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What killed the massive galaxies of the early Universe?

​Using the ALMA interferometer in Chile, a collaboration in which CEA-Irfu plays a leading role has observed an exceptional cold gas ejection from a massive galaxy, ID2299, in the early Universe. According to this research, this “hemorrhage” signaling the death of the galaxy also points to the culprit: the merging of the two galaxies that gave birth to ID2299. The discovery calls into question the prevailing hypothesis for supermassive black holes. Autopsy reports from other galaxies must now be reconsidered in light of the new scenario...

Published on 12 January 2021

Four to five billion years ago, the cosmic noon was characterized by very significant star-forming activity in most galaxies. Curiously, however, nearly a third of the most massive galaxies of that time no longer form stars. This anomaly is often attributed to gas flows caused by feedback from supermassive black holes located within these galaxies.

Using an astronomical interferometer, the Atacama Large Millimeter/Submillimiter Array (ALMA), astrophysicists have detected an exceptional gas ejection from a massive galaxy, ID2299. No less than half of the galactic cold gas has escaped into the surrounding space. At this rate, the galaxy will be deprived of the material needed to form new stars in just a few million years, i.e., moments on the cosmological time scale. This ejection somehow "kills" the galaxy by depriving it of matter to "make" new stars.

ID2299, an intriguing "ancestor" of elliptical galaxies

The family of elliptical galaxies is seemingly simple to describe but actually remains quite mysterious. Most of the stars in the near Universe are located in these large, extremely massive, spheroidal galaxies, which are made up of very old stars and no longer form new ones. Astrophysicists have long tried to understand the mechanisms responsible for the inactivity of these galaxies: the discovery of the massive ejection of cold gas from ID2299 may well shed some light on them.

Until now, scientists have attributed the origin of massive gas ejections to supermassive black holes, located in the heart of galaxies. The accretion of matter around the black hole is in fact accompanied by the emission of large amounts of energy and the appearance of powerful winds, capable of sweeping away the gas in the galaxy. This feedback is an essential ingredient for reproducing galaxy observations through numerical simulations. It does not however explain the extreme case of ID2299.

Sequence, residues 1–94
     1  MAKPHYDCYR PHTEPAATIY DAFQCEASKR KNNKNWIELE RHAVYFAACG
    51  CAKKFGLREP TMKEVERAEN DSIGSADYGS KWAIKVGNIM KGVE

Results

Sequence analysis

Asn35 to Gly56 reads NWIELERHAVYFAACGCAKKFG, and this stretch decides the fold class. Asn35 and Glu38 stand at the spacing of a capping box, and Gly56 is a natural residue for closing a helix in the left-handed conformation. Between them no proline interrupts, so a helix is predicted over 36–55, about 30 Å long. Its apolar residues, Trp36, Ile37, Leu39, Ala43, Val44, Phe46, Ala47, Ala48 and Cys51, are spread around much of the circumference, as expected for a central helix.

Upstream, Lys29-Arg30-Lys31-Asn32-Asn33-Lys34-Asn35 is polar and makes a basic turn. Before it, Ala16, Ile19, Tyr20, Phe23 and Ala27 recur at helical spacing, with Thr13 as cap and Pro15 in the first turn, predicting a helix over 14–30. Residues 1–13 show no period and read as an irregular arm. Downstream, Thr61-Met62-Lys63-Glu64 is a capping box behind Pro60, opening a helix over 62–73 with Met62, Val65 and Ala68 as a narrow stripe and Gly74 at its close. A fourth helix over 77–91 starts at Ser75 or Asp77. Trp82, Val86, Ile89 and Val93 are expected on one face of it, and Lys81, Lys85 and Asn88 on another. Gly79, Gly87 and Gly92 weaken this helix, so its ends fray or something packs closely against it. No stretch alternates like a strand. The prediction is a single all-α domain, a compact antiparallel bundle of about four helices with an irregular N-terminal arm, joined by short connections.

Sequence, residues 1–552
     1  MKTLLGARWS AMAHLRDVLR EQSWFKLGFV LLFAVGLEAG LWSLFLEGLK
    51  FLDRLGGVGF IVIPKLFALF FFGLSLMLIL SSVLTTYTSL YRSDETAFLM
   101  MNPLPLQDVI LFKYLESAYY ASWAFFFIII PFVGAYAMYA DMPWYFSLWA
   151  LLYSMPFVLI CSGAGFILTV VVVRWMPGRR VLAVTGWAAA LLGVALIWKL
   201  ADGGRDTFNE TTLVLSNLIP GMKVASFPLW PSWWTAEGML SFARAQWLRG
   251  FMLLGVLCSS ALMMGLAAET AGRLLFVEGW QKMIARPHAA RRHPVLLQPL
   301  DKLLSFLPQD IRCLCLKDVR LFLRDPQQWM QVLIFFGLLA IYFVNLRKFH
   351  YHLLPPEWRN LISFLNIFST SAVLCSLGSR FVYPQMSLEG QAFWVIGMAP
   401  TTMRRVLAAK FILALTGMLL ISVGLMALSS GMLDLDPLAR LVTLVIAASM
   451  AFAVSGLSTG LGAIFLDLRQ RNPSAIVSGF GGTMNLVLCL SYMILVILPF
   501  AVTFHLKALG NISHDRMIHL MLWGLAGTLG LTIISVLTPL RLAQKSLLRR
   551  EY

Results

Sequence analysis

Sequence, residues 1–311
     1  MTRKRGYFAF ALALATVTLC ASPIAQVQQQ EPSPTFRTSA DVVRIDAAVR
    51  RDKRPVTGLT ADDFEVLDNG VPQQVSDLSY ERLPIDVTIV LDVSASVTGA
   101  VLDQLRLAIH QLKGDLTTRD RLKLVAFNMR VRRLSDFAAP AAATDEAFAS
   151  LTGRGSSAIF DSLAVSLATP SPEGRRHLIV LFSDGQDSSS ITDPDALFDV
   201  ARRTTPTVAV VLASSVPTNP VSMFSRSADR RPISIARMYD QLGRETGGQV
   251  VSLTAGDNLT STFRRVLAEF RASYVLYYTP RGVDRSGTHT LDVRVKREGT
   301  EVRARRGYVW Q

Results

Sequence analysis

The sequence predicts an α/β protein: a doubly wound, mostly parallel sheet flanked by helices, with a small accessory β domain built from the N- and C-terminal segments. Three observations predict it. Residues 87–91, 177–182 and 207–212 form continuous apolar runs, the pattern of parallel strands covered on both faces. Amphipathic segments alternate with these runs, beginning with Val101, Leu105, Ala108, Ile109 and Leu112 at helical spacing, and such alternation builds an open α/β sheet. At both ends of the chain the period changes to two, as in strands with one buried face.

"Tidal tails" resulting from the merging of galaxies

The ejection of ID2299 can only be interpreted by the effect of "tidal forces" that occur whenever galaxies merge.

The final states resulting from these tidal forces are regularly observed in the form of "tidal tails" in galaxies close to us undergoing gravitational interaction, such as in the Antenna Galaxies. However, it is much more difficult to detect them in distant galaxies because of their low light emission.

According to researchers, an exceptional tidal force would have been produced in ID2299 by the ongoing collision of the two massive galaxies of which it is composed. At the same time, half of the cold gas in ID2299 would have been compressed in a dense core at the center of the galaxy and very quickly converted into new stars (starburst), at a rate about 500 times faster than in our galaxy. This hypothesis is supported by detailed numerical simulations consistent with the observation of gas ejection.

Astrophysicists have calculated that the frequency of these events is sufficient to explain in principle most of the inactive galaxies that formed during the cosmic noon.

According to their study, violent ejection phenomena are not necessarily due to black hole feedback but can be explained by the merging of galaxies. However, it is very difficult to distinguish these mechanisms, which often coexist within the same galaxy, because they produce similar effects. The researchers recommend reconsidering the interpretation of certain observations in light of their findings.

The discovery of the ID2299 ejection was possible due only to the large statistical sample of cold gas observations in more than one hundred galaxies of the cosmic noon using the ALMA interferometer in Chile. 


Gas distribution in a colliding galaxy based on numerical simulations

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